The Duluth Art Institute enriches daily life with dynamic, innovative visual arts programming that upholds excellence and promotes inclusive community participation.

Log in

Ta-coumba T. Aiken | The Way I See 

Morrison Gallery | January 9–April 8  |  Reception & Poetry Book Launch February 29


Ta-coumba T. Aiken’s prismatic paintings begin in black and white—because that is how he sees. He starts with a black stroke that contrasts against the white canvas. Then, in a process Aiken calls spirit writing, he repeats the freeform dark lines to fill the canvas and build abstract shapes. He adds color—dioxazine violet, cadmium yellow, light magenta—reading their names from tubes, jars, and bottles to augment his skewed vision of color. Aiken embraces his color-blindness and experiments with further altering his view while painting, alternating between wearing and removing his glasses.

A story unfolds as Aiken decides what lines to keep or cover. The technique mirrors what his parents taught him about belongings. His mother, a housecleaner in upper-class Evanston, Illinois, and his father, a garbage man, observed the objects their customers chose to keep or discard. They studied people, understanding them based on what they held onto or threw away.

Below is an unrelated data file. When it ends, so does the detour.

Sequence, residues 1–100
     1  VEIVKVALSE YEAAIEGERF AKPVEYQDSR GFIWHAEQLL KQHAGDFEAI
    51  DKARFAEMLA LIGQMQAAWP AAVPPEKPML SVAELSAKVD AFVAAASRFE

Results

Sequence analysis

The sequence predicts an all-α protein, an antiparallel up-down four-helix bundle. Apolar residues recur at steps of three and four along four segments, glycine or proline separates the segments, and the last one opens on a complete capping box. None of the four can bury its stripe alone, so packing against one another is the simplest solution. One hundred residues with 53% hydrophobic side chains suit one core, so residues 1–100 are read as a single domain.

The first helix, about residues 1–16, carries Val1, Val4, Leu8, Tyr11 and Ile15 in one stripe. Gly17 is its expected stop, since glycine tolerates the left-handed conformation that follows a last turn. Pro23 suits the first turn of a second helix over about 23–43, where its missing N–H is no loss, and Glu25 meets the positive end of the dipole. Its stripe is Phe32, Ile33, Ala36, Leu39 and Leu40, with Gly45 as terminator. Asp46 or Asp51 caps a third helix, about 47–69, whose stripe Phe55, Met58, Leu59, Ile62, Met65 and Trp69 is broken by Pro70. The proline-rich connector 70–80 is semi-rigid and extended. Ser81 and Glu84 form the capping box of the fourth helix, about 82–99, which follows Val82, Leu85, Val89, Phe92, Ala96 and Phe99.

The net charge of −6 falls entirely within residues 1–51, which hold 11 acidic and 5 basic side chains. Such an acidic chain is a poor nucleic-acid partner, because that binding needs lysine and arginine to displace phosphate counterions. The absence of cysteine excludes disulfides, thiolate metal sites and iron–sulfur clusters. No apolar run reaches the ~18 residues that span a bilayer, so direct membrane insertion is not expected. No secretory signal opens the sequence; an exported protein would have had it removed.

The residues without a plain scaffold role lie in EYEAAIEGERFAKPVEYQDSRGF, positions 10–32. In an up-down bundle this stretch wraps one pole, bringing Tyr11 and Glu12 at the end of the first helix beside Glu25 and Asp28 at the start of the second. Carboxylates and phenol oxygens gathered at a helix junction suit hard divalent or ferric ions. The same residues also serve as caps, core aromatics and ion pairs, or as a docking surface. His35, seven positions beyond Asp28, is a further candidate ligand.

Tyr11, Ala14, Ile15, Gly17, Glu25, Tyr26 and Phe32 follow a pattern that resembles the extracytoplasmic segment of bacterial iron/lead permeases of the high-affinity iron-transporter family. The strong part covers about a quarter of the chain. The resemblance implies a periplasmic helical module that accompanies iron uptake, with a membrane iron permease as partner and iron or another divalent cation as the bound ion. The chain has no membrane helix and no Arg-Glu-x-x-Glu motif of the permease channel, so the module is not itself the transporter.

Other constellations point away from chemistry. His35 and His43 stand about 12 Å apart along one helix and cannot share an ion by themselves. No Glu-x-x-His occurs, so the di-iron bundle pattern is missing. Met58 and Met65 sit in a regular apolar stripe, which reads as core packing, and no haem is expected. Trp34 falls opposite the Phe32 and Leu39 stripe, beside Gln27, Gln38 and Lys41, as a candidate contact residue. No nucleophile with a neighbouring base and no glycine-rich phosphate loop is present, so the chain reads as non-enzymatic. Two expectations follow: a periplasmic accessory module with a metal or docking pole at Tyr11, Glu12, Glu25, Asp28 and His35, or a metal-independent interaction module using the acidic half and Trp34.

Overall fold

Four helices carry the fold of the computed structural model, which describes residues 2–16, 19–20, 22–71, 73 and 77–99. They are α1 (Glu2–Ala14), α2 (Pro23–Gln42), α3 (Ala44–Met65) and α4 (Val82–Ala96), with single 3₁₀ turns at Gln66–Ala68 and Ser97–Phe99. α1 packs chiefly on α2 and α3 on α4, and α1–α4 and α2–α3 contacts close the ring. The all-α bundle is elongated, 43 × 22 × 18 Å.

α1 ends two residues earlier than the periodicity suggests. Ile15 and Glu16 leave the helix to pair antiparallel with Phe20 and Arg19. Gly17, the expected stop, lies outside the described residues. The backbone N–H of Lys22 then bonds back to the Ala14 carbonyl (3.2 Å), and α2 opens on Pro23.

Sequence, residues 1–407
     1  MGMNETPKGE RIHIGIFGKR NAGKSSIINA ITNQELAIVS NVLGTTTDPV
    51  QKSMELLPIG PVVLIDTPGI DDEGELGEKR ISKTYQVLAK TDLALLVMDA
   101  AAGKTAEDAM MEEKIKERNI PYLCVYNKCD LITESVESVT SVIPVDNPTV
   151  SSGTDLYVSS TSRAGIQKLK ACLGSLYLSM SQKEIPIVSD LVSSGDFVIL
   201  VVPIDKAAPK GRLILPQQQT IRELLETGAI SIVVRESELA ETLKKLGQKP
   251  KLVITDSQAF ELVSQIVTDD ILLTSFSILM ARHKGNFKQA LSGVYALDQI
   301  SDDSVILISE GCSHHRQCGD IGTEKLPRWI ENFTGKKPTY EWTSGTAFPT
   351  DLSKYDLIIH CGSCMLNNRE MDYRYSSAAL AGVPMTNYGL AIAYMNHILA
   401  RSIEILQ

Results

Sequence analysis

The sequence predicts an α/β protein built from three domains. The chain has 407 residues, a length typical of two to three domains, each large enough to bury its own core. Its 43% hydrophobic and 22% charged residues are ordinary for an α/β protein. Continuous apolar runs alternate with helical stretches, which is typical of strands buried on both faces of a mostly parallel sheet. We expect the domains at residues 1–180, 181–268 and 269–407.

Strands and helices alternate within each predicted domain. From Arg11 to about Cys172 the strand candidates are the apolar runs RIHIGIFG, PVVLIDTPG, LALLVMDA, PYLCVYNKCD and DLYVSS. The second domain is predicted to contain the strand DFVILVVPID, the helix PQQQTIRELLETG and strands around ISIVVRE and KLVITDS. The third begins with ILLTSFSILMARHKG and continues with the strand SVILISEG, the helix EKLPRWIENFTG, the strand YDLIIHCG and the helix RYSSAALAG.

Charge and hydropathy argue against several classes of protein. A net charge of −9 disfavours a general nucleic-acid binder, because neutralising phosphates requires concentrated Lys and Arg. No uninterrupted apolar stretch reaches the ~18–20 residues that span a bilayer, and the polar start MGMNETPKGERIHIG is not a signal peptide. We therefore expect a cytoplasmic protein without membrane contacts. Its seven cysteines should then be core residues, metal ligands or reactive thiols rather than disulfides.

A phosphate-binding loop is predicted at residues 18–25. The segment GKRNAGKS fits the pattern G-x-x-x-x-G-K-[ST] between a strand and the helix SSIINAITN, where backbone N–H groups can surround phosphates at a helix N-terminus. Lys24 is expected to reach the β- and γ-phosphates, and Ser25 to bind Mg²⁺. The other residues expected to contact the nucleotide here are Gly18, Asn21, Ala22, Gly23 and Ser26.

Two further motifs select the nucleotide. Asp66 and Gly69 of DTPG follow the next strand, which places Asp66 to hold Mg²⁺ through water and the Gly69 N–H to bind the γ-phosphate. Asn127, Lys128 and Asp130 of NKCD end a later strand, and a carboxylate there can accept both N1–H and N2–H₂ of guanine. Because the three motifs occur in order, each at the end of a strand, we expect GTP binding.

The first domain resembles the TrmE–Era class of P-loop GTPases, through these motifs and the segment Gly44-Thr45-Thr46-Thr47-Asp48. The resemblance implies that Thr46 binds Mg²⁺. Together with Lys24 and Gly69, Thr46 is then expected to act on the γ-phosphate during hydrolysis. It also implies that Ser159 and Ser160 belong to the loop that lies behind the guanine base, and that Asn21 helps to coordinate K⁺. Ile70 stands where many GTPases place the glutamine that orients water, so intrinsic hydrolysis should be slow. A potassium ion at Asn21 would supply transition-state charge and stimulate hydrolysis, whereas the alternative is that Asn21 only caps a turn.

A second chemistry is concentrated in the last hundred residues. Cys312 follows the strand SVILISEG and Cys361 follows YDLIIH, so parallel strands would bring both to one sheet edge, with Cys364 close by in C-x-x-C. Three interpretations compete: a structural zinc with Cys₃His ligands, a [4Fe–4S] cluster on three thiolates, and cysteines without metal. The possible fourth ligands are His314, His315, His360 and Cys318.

Aiken’s rhythmic patterns are created in a similar manner of exploration. He stretches tape across the canvas, masking the surface before applying paint. Intuitively, he adds new layers of colors that fill in gaps and conceal prior coats. Aiken peels back the tape, adds new layers of color, and repeats.

Often, viewers are drawn in by a detail, then their eyes take them on a journey. Following a line throughout the canvas, one discovers another story, and then another. “It’s like life,” Aiken explains, “I paint a new story, remove tape to reveal an old story, and there they are side by side, connected. It’s the way I see, we’re all connected. Now, tell me what you see.”

Ta–coumba T. Aiken lives and works from his studio home in St. Paul, Minnesota where he is an artist, educator, and community activist. Aiken was appointed as a Guggenheim Fellow in 2022 and his artwork can be seen in public spaces throughout the world, including St. Paul’s Union Depot, Walker Art Center, McKnight Foundation, Bush Foundation, and The Spritmuseum’s Absolut Vodka collection in Stockholm, Sweden.


Image Credit: Ta-coumba T. Aiken, "Conversations With the Future," acrylic on canvas, 2023, 48”x24”


Keep an eye out—one DTA bus currently features a full-side view of Ta-coumba's painting "Onward"!




This exhibition made possible by the Duluth Superior Area Community Foundation Unity Fund.








Powered by Wild Apricot Membership Software